Articles Posted in Bus Accidents

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In a recent case in New Jersey, a pedestrian was struck by a city bus in an intersection.  The bus’ impact caused catastrophic injuries to the pedestrian including permanent brain injury, as well as multiple fractures and broken bones.

What is as, if not more, troubling about this accident is that the driver of the bus had a record of being involved in over 50 accidents during his 30-year course of driving for his employer.  What’s more, the driver had over 40 violations during his employment for issues ranging from distracted and careless driving, driving with a suspended license, and failing to follow police instructions.  Yet, the bus company allowed the driver to continue to drive buses despite the egregious driving record the employee had.  When this happens, an employer can be held responsible for their employee’s negligence.

Under Georgia law, and in most states as well, if an employee commits a negligent act while on the job, the employer can be liable for their employee’s negligence under the theory of respondeat superior.  An employer can also be held independently liable for injuries caused by their employee’s actions under the theory of negligent hiring, supervision or retention.  If the injury victim can prove that the employer knew or should have known that the employee had the tendency to engage in certain behaviors, such as careless driving, and that the accident and injuries were caused by similar behavior, the employer can be liable for failing to properly hire, supervise or retain the employee.

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According to the Atlanta Journal-Constitution, two drivers were injured Wednesday morning when two school buses collided in DeKalb County. A bus from Bright Beginnings Learning Center, traveling southbound, rear-ended a DeKalb County special needs bus en route to McNair High School.

While no children were harmed during this particular bus accident, the collision itself brings back to minds of auto accident attorneys the as of yet unresolved question regarding school bus seatbelt safety and the requirement of safety belts on large school buses. It’s a question that causes concerns about accident and wrongful death claims as well.

In 2008, in a move designed to curb the approximate 10,000 child injuries that occurred each year as a result of school bus crashes, the National Highway Transportation Safety Administration did require the installation of seat and shoulder belts on smaller buses. The new federal regulations also stipulated that seat backs be raised on all school buses from 20 inches to 24 inches high, preventing children from tumbling forward during sudden stops.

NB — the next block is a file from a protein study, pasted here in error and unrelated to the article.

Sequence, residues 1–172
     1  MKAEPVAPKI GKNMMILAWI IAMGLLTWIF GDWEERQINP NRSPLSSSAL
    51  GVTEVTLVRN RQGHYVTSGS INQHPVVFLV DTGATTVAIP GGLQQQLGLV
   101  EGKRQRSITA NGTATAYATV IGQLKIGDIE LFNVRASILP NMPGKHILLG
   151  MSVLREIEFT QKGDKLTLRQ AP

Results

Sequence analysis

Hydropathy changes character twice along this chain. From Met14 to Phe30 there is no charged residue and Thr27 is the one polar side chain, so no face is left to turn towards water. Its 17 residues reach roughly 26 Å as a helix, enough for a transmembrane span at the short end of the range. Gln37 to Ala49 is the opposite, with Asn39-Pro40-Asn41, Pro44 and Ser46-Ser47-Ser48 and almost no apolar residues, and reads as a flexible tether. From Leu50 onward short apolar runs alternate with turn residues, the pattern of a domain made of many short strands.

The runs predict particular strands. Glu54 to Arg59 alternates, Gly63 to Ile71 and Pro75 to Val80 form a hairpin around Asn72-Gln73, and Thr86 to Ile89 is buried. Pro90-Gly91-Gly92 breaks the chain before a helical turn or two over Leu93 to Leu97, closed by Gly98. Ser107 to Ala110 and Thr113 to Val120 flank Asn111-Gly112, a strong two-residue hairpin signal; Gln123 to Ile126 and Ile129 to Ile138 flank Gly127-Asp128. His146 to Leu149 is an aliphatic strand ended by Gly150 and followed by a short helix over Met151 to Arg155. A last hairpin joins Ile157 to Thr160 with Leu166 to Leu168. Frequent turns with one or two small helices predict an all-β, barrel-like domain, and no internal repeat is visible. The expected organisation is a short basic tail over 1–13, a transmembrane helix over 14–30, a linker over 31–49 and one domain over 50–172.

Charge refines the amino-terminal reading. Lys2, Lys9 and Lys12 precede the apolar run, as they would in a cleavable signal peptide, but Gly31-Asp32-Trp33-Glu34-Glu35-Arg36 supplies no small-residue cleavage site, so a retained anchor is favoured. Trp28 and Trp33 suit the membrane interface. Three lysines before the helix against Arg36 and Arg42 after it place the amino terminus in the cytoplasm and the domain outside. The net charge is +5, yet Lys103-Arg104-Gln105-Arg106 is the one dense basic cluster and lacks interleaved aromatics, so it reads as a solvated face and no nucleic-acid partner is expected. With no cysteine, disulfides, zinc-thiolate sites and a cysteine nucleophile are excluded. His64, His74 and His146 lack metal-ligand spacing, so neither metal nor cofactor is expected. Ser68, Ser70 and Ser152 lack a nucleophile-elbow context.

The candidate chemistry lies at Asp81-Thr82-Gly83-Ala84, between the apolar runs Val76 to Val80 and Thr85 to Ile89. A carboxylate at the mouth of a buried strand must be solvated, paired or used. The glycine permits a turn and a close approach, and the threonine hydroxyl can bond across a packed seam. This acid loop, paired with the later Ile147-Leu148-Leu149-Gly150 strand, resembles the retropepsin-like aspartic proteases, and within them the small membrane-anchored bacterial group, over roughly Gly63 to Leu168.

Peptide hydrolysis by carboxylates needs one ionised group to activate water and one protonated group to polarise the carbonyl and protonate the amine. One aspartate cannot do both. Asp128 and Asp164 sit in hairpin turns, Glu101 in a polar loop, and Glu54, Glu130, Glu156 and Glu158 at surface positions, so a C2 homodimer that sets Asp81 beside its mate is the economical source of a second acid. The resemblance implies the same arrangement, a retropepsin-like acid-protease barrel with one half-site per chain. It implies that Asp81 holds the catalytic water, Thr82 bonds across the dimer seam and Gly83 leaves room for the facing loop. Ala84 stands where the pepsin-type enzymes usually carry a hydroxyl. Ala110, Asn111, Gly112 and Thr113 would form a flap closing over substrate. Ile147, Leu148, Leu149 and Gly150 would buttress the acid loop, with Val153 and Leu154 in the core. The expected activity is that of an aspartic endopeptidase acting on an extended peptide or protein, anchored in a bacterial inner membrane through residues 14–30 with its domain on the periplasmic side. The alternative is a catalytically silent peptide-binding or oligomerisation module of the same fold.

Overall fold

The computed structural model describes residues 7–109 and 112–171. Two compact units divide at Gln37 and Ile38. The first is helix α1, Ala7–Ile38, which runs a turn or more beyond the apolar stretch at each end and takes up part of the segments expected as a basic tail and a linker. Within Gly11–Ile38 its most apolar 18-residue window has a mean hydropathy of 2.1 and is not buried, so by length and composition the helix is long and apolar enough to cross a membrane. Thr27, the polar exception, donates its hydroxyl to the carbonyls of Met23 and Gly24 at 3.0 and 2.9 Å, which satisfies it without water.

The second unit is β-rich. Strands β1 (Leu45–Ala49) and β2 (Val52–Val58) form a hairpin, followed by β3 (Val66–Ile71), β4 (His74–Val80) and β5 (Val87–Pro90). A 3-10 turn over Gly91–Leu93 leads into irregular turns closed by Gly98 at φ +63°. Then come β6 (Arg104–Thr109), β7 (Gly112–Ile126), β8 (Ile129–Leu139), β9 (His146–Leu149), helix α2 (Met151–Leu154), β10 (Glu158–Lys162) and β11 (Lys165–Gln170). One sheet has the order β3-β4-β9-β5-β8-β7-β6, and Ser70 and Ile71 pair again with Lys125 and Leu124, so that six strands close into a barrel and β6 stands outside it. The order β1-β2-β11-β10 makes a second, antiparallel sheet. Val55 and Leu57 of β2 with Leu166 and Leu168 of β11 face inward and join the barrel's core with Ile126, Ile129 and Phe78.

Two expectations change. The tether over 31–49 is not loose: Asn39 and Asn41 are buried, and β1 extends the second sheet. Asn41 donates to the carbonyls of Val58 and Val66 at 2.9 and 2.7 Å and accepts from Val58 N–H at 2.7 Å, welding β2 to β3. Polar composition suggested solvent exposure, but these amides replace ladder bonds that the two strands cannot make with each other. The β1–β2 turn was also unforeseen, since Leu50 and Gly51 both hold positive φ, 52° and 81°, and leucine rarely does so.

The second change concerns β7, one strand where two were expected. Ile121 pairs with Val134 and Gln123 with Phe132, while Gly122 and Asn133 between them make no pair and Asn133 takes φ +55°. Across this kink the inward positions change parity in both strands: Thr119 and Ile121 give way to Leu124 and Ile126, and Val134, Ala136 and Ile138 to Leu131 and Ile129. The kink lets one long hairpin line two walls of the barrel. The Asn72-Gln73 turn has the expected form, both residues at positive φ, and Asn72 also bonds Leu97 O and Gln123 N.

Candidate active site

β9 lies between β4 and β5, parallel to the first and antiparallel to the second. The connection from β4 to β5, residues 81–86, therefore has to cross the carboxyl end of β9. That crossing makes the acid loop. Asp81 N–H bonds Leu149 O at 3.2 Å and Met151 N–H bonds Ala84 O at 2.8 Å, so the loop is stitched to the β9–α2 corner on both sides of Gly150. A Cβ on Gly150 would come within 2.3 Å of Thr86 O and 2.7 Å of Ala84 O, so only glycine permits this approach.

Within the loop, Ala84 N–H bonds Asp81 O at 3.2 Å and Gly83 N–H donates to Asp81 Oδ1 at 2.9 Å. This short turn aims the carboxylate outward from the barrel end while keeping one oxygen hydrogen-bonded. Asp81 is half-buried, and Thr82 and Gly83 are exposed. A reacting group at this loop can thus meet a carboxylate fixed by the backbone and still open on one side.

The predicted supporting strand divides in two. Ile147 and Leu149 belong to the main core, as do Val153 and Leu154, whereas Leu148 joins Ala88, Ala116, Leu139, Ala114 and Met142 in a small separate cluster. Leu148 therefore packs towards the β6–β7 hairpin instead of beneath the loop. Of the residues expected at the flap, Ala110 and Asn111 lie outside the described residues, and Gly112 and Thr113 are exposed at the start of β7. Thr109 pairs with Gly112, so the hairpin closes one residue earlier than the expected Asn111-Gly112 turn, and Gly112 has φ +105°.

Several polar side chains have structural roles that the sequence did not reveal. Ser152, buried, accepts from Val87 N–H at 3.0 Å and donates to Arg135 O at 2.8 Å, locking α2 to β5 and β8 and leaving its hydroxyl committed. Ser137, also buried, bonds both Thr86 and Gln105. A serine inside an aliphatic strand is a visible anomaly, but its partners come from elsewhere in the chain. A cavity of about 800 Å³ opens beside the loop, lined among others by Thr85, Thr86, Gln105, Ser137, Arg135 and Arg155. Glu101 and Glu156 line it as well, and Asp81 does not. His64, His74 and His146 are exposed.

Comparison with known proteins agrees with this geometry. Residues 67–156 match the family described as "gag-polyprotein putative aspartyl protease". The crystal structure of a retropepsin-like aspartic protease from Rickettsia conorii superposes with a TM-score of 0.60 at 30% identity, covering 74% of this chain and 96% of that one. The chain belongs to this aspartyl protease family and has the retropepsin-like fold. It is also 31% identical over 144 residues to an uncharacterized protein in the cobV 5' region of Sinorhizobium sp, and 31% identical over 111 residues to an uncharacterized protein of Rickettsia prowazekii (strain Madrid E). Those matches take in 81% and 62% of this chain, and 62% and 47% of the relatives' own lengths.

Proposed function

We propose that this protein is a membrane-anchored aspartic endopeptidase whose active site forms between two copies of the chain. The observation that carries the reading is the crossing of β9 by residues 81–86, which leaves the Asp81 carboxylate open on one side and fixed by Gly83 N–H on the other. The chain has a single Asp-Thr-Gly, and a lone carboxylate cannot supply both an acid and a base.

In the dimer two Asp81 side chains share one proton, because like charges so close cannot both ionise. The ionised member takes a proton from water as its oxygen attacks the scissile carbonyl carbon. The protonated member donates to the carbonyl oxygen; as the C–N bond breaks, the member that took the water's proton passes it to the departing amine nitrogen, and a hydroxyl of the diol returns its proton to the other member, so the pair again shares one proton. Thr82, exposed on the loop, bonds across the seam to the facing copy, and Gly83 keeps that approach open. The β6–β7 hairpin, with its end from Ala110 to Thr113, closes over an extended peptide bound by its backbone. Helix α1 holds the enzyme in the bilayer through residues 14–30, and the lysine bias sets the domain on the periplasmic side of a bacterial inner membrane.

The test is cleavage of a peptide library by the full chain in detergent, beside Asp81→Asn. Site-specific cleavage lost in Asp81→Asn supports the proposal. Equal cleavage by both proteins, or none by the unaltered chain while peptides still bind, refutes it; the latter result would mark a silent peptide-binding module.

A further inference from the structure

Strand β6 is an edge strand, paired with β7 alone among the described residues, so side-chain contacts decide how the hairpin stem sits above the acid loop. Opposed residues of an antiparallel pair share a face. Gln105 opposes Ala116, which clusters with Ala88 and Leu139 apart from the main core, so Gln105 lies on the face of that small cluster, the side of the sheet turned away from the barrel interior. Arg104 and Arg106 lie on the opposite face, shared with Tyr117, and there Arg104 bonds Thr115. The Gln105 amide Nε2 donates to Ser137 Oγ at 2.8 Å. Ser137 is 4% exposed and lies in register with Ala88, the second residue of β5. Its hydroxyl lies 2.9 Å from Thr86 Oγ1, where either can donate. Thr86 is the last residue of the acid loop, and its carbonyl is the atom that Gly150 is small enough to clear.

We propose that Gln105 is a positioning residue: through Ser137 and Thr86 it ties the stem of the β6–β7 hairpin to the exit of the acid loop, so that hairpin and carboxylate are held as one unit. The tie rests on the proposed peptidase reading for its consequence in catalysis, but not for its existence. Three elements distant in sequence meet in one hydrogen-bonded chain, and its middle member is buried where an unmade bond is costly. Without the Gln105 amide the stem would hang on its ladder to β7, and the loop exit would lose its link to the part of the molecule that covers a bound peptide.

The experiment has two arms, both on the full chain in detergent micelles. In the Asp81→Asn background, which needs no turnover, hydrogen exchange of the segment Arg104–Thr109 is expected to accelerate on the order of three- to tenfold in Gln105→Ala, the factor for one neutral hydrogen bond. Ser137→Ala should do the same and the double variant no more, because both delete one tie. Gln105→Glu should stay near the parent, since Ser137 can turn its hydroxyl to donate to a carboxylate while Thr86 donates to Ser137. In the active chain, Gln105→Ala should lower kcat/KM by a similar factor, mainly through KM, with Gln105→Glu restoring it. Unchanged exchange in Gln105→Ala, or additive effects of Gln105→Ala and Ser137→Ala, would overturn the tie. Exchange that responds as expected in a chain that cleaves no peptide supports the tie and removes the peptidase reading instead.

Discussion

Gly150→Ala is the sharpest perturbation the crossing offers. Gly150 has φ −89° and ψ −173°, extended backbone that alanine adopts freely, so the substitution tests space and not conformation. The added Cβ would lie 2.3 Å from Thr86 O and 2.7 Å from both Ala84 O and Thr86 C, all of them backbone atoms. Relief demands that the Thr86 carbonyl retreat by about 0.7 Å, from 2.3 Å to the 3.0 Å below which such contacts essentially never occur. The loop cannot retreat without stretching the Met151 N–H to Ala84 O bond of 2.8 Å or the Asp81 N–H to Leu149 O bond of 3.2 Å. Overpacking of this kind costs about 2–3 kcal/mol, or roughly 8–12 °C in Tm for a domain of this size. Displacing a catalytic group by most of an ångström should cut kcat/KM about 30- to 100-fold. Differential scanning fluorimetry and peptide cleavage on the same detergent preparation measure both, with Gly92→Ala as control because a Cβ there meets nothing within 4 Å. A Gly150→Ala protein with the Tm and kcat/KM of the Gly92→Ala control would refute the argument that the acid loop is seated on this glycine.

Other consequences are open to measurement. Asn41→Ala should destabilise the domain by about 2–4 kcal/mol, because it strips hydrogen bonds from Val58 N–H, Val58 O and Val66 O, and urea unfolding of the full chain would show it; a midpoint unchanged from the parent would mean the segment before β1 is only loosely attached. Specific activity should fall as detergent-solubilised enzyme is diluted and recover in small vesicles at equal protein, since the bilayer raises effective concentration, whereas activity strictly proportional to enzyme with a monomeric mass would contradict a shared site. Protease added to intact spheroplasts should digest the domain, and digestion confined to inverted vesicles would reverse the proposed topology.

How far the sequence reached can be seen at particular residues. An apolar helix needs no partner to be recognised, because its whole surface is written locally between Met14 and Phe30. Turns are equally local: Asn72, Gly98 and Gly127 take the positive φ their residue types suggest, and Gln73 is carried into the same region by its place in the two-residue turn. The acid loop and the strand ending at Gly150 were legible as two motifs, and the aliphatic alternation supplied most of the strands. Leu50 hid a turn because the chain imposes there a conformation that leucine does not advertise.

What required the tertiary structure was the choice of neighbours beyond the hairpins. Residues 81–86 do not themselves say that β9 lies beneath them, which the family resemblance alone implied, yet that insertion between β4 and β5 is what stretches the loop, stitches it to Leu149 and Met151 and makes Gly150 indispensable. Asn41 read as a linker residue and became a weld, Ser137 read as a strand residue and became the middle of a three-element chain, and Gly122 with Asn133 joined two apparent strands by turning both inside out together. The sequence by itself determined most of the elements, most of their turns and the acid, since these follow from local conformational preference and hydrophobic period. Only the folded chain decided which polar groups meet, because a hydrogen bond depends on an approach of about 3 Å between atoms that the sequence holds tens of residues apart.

However, as a story from the Injury News Board pointed out, there was still a “huge gap left by the regulations. Seat belts are still not required on the large school buses. NHTSA has not resolved that question, but instead it sets standards for seat belts on the larger buses in which most children ride.”

The choice by the NHTSA to allow this question to go largely unresolved seems to be starkly incongruous, especially in light of the fact that bus drivers themselves are required to wear restraints when transporting students. Furthermore, the standards set, while providing guidelines, are nothing more than mere suggestions that protect bus manufacturers against liability for accidents. Consumer group, Public Citizen, sees the omission as extending a “blanket of immunity to the manufacturing industry,” writes reporter Jane Akre.
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The federal administration has rejected a petition by consumer safety groups calling for the installation of seat belts on school buses. According to the administration, it does not have enough evidence to indicate that the benefits of installing seatbelts on all school buses would justify the heavy expenses involved. This position is reprehensible. It is well known that seatbelts save lives and in this case, we are talking about the lives of innocent children.

As Atlanta bus accident lawyers and parents ourselves, the topic of school bus safety is one that’s particularly close to us, especially now that schools have started and thousands of children across Atlanta and Georgia are traveling by school buses. The National Highway Traffic Safety Administration this week announced that it is rejecting a petition by consumer safety groups, asking for seatbelts on all school buses.

Safety groups including the Center for Auto Safety and the National Coalition for School Bus Safety had submitted a petition for a federal mandate for seat belts on all school buses. However, the agency has said that requiring seatbelts on all school buses means heavy expenses. According to the agency estimates, installing seatbelts would cost between $5,485 and $7,346 for a large school bus. These seatbelts are expected to cost between $375 and $600 each.

The National Highway Traffic Safety Administration believes that the safety benefits from requiring seat belts on school buses do not justify these expenses. The agency also believes that it would be better for the federal administration to stay out of this issue, and leave it to state and local governments.
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